Spanish, Japanese, and German
I've reached a relatively high level in Spanish and mostly keep up with it by reading and doing a vocabulary deck. I spend the most time with Japanese when it comes to actually learning. My progress with German has been slow and shitty because I hate the textbook I'm using and can hardly bring myself to slog through it.
>Explanation as to why they're used today
As you probably know, Japanese doesn't use spaces. For most words, this isn't a problem; content words are (usually) written (at least partially) in Kanji, and grammatical morphemes are written in hiragana. This works well; native Japanese speakers prefer it over other kinds of writing because they say it helps them understand passages faster, and I have come to agree with that. But for loan words, this is more complicated. You can try to write them in Kanji based on their meaning, and Japanese people used to do this, but because Kanji have a relatively fixed set of ways they can be read outside of using them this way, they usually lead to confusion about pronunciation. You can try writing them in Kanji based on those readings, but this leads to confusion about meanings. Luckily, Japanese has two sets of phonetic characters: hiragana and katakana. Originally they were more or less equivalent to cursive versus print; i.e. they had no difference in meaning and were simply used by different social groups (women tended to be the primary users of hiragana), but over time they were relegated to different functions. Hiragana is used for grammatical morphemes and native or sino-chinese words if not otherwise written in Kanji. Katakana is mainly used for recent foreign words for which there is no Kanji, which combines the benefits of separating semantic and grammatical content that native words have with the benefits of not leading to confusion in pronunciation or meaning. Katakana is also often used to distinguish onomatopoeia-words, and can be used to replace Kanji or hiragana spellings in some contexts to convey emphasis or a casual tone.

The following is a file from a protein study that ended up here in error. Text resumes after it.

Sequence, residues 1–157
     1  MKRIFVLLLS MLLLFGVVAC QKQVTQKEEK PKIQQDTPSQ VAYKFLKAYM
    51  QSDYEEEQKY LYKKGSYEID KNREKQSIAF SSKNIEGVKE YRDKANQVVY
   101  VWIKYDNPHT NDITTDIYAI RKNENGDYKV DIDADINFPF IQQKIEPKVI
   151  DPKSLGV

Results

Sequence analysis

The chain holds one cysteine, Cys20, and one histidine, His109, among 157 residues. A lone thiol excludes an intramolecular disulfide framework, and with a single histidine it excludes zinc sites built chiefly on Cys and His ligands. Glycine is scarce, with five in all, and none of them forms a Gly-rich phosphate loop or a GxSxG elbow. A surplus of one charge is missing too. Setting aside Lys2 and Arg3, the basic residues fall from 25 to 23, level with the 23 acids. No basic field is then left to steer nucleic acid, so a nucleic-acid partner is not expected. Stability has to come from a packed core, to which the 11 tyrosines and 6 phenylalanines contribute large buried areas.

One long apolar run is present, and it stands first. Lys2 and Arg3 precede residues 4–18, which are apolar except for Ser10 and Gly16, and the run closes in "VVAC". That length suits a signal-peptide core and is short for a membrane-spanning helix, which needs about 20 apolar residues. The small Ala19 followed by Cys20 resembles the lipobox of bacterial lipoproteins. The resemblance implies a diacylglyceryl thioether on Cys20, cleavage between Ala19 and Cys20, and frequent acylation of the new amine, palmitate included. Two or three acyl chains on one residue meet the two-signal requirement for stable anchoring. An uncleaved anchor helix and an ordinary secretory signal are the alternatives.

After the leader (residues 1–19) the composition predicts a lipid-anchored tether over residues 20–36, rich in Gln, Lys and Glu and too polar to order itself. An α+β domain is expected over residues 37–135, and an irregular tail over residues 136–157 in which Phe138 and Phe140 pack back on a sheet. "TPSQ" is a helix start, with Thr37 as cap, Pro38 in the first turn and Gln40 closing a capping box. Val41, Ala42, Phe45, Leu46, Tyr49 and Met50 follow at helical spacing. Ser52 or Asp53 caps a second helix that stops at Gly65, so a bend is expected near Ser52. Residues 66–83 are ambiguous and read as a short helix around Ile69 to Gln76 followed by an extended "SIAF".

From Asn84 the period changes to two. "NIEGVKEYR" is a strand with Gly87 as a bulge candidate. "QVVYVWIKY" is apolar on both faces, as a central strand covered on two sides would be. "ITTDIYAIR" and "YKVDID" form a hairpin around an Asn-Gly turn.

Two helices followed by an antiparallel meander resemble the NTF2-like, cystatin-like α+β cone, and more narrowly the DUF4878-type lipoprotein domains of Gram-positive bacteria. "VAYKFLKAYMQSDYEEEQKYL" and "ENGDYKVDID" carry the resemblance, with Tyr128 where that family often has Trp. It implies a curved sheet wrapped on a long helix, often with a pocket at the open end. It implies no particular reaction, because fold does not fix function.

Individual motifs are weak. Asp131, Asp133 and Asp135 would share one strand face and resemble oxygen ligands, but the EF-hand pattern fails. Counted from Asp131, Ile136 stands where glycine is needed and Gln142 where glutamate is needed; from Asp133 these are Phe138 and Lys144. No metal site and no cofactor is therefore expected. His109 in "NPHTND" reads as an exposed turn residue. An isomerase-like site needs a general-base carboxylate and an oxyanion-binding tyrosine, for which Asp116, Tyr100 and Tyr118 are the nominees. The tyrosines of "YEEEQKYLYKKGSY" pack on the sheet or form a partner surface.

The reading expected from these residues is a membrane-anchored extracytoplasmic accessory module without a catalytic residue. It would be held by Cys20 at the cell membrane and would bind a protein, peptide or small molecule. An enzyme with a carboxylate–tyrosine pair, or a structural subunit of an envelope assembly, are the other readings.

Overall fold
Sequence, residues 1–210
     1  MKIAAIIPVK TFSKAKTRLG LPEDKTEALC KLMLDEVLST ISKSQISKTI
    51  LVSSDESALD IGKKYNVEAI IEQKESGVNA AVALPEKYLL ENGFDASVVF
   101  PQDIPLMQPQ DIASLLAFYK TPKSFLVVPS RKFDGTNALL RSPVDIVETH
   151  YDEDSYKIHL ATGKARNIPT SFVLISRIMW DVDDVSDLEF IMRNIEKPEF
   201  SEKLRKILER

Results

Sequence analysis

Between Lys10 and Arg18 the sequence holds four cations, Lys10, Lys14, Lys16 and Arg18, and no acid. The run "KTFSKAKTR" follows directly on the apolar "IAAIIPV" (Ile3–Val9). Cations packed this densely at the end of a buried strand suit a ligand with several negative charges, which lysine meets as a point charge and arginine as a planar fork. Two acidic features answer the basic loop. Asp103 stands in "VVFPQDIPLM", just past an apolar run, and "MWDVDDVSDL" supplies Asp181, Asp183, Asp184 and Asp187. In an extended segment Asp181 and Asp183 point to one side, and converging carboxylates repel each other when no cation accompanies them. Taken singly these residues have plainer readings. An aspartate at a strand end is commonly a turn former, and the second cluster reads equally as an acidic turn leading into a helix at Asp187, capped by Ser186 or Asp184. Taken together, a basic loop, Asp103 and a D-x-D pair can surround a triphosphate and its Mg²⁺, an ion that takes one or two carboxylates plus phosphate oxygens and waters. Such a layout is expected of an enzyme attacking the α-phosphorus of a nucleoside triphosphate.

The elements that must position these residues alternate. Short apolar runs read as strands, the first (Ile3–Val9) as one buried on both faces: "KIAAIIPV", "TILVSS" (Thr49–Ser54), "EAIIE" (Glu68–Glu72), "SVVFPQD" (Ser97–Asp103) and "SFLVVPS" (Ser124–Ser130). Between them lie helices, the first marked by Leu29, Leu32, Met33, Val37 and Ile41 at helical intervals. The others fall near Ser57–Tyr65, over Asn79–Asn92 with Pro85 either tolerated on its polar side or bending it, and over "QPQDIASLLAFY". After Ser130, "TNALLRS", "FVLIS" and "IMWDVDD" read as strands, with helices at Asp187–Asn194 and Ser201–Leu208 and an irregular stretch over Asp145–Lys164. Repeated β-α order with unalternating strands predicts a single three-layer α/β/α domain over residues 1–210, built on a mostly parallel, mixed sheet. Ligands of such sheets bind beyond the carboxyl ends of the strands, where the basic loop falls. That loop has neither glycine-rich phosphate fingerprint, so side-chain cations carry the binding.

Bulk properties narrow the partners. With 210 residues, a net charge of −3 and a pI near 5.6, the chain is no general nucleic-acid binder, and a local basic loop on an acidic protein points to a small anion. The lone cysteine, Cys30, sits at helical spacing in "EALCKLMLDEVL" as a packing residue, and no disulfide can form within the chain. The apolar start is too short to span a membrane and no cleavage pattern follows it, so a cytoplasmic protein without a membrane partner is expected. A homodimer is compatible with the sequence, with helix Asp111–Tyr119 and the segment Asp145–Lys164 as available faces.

Japanese people feel strongly that Kanji-kana mixed script is, overall, better for reading once you've learned it, even if it's harder to learn at first. The fact that it separates the content words from the grammar words very clearly without spacing them out is probably the reason for that, and as far as I know there is some evidence that it actually does make a difference. Also, Japanese is a language with a lot of (near) homophones. In speech they are (partially) disambiguated by pitch accent, but even kana doesn't represent represent that in writing, and even if they did, it wouldn't solve the problem completely and a lot of homonyms would be created.